Hong Kong's health minister said Monday he was "very concerned" at the possibility of a deadly virus that has killed 24 children in China spreading across the border, reported dpa.
Twenty-two children in China's Anhui province and two more in Guangdong province neighbouring Hong Kong have been killed by the EV71 virus which leads to hand, foot and mouth disease.
Thousands more children have been infected with the virus and Hong Kong health secretary York Chow said Monday there had been 10 cases already in the city of 6.9 million, but no fatalities.
"Every year from May to July is usually the peak season and this is only early May so we are very concerned that (cases) might increase in Hong Kong in the coming months," Chow said.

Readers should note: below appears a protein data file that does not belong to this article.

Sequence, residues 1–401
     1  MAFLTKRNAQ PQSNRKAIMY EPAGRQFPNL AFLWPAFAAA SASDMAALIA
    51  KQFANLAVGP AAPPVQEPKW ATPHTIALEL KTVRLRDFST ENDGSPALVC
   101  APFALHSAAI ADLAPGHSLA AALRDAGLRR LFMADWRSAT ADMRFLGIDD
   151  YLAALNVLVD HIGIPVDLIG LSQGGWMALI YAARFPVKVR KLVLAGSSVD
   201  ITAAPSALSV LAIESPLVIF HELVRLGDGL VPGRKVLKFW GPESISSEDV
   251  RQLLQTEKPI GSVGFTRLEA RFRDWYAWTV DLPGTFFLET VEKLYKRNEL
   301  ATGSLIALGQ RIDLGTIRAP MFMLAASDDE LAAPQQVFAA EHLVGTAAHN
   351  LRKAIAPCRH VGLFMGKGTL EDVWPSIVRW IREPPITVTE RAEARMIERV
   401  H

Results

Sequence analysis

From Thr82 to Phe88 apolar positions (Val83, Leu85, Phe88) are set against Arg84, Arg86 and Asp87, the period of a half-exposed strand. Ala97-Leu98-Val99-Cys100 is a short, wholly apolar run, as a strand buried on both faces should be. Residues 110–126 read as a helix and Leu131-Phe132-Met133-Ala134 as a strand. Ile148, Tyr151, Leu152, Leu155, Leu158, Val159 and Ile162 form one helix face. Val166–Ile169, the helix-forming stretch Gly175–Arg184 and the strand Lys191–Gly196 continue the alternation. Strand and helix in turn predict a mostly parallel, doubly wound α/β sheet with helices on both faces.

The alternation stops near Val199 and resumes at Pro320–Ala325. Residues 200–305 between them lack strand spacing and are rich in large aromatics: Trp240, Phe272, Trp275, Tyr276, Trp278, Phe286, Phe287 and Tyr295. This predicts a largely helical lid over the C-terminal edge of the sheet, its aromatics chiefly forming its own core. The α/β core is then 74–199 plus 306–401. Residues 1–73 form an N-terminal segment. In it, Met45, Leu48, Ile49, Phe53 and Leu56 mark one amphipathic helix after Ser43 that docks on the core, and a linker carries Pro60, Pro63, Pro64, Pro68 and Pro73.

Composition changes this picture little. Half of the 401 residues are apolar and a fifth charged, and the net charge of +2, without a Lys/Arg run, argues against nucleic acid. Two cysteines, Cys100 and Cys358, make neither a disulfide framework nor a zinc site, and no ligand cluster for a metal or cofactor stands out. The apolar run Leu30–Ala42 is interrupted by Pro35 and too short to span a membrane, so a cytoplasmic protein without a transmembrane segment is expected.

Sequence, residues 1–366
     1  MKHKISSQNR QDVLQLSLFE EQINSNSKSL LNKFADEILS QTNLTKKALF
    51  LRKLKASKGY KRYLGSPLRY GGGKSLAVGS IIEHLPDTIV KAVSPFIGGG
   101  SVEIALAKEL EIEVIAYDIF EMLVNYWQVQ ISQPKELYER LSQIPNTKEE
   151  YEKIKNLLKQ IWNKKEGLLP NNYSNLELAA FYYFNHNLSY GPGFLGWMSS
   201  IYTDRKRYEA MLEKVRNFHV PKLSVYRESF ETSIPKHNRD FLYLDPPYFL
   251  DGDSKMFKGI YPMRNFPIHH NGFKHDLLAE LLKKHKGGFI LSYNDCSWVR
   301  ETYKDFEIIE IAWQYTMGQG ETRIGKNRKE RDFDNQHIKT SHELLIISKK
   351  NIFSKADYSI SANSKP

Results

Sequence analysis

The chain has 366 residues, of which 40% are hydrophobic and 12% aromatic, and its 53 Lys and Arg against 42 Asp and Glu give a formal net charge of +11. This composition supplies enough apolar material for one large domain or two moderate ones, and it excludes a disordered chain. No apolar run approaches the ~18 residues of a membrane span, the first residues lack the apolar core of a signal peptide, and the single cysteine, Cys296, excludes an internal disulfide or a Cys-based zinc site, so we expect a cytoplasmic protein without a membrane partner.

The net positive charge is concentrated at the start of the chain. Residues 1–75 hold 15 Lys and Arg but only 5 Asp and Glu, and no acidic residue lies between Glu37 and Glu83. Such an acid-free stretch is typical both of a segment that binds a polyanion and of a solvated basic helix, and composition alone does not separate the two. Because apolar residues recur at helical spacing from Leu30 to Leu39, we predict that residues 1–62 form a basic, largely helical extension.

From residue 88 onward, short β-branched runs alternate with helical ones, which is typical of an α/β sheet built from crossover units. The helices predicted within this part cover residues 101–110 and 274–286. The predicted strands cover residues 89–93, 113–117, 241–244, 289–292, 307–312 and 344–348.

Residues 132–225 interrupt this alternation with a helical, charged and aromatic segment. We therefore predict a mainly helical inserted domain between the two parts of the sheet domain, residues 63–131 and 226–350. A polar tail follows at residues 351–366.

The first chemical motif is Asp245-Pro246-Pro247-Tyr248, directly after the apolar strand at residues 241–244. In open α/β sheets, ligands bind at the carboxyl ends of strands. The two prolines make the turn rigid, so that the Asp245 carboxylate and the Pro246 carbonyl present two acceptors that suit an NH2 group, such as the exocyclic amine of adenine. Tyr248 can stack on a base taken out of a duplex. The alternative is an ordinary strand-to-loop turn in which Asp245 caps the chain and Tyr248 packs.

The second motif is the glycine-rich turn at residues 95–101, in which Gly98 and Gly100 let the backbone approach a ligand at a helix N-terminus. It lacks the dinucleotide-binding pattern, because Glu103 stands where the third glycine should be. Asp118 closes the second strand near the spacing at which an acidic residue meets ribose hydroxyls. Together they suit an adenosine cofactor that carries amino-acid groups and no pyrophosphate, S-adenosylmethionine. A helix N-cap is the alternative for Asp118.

"So far the situation isn't serious but we can foresee that the incidences might climb up in the weeks ahead."
Thousands of Hong Kong people are expected to cross the border to China for a long weekend marking Buddha's birthday next week and doctors fear they may bring the virus back with them.
During the 2003 SARS outbreak, people travelling the busy border between China and Hong Kong brought the disease to the former British colony where it killed 299 and infected 1,755.
Infectious diseases expert Lo Wing-lok told Monday's Standard newspaper that frequent cross-border trips and the forthcoming holiday weekend heightened the risk.
Hong Kong has a handful of cases a year of hand, foot and mouth disease, also known as EV71, which are usually imported from neighboring south-east Asian countries.
EV71 is usually quickly diagnosed and treated and the deaths in Anhui and Guangdong provinces in China are believed to be the result of low awareness about the virus.